• Why does it matter to be able to measure very large numbers, even when they seem beyond comprehension?
  •  What is the difference between large numbers and infinity?
  • What does infinity mean to you?
  • How do large numbers, and/or infinity, impact your life?
  • How do large numbers, and/or infinity, impact society?

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Inquiry Into Attitudes: Independence

This is part of a series of inquiry-based provocations for essential elements of the PYP and the Learner Profile. For more, click here.

Independence is such an important element of a child’s life. But it can also be filled with much confusion as there is so much beyond their control. Why not open it up as an inquiry, allowing them to define, discuss, and better understand it? This provocation is suited for just that purpose.

Resource #1: La Luna, by Pixar

Resource #2: Memo, by Gobelins

Resource #3: Chopsticks by Amy Krouse Rosenthal 

Provocation Questions:

  • What does it mean to be independent?
  • How does independence change over a person’s life? Why?
  • What are the different perspectives on independence? How can this sometimes cause conflict?

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Inquiry Into Attitudes: Appreciation

This is part of a series of inquiry-based provocations for essential elements of the PYP and the Learner Profile. For more, click here.

As is often the case with these PYP elements, appreciation is another attitude that can be so easy for us to take for granted in our students (and ourselves). We might find ourselves shaking our heads about “kids these days” when the truth is that many kids may not have had the clear exposure, or opportunity to investigate these valued qualities for themselves. So this week’s provocation is designed to give them that very opportunity. Enjoy “Appreciation!”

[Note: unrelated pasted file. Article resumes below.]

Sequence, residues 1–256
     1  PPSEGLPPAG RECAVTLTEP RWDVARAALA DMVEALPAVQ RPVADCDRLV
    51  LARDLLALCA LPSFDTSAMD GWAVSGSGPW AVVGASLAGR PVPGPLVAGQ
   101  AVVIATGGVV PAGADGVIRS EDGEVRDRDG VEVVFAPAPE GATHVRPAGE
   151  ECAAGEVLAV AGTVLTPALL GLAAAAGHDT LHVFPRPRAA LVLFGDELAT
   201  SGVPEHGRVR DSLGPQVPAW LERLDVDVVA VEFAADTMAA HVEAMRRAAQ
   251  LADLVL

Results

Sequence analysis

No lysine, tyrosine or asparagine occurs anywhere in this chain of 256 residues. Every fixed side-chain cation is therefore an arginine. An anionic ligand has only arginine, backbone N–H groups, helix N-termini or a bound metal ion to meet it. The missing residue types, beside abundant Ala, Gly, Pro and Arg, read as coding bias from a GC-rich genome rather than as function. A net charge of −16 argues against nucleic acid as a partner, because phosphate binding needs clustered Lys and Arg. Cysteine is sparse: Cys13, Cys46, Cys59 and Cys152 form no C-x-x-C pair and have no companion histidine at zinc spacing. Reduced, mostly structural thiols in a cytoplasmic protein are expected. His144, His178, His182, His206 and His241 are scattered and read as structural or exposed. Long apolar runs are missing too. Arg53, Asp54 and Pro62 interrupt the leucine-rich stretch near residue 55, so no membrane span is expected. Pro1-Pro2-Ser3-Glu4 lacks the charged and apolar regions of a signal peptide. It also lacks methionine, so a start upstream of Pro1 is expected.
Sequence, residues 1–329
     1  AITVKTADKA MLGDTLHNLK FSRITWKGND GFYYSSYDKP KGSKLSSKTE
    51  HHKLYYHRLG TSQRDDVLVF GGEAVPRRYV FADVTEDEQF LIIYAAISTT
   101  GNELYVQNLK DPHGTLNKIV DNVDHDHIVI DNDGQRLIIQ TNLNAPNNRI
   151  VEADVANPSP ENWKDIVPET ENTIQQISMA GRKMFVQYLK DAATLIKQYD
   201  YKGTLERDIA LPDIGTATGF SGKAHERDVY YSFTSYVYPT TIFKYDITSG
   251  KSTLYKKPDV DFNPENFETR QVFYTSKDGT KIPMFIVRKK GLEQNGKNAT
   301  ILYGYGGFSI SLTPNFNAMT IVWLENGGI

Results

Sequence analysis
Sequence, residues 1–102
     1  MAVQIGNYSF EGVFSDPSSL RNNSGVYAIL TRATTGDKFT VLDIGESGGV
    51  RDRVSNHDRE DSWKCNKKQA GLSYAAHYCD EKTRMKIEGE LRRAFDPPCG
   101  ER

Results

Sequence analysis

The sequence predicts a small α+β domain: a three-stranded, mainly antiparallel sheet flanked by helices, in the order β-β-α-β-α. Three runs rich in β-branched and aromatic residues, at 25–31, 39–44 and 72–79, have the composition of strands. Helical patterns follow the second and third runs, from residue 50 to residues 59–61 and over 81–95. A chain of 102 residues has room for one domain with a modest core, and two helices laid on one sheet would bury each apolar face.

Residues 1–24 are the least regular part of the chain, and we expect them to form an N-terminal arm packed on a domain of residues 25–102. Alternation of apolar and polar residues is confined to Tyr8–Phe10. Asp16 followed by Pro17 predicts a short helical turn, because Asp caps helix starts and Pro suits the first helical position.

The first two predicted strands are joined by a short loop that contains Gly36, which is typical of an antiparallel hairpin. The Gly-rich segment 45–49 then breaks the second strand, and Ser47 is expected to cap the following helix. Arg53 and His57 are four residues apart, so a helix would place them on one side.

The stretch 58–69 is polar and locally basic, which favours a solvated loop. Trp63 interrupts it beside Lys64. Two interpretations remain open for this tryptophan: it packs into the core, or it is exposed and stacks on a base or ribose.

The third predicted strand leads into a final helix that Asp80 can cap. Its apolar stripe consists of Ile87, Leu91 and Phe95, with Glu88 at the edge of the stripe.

Resource #1: Noticing the Soundscapes of Yosemite National Park via The Kid Should See This (a bit long, but even just the first minute or two will be sufficient for this provocation!)

Resource #2: “Last Stop on Market Street” by Matt de la Peña and Christian Robinson

“She smiled and pointed to the sky. “Sometimes, when you’re surrounded by dirt, CJ, you’re a better witness for what’s beautiful.””

Resource #3: “Windows” by Julia Denos and E.B. Goodale

“Then you arrive home again, and you look at your window from the outside. Someone you love is waving at you, and you can’t wait to go inside.”

Resource #4: How to Write Your Life Story by Ralph Fletcher (a chapter book, but the first couple chapters are a great dose of self-appreciation about our potential to contribute as writers).

“Lies about writing your life story: Lie #1: You have to be a famous celebrity.”

Provocation Questions:

  • What does an appreciation attitude or mindset look like?
  • How does appreciation impact an individual’s life?
  • How does appreciation impact society?
  • What are ways/environments in which you can best feel appreciation?
  • What is our responsibility to appreciate people? Nature? Ideas?

featured image: DeathToTheStockPhoto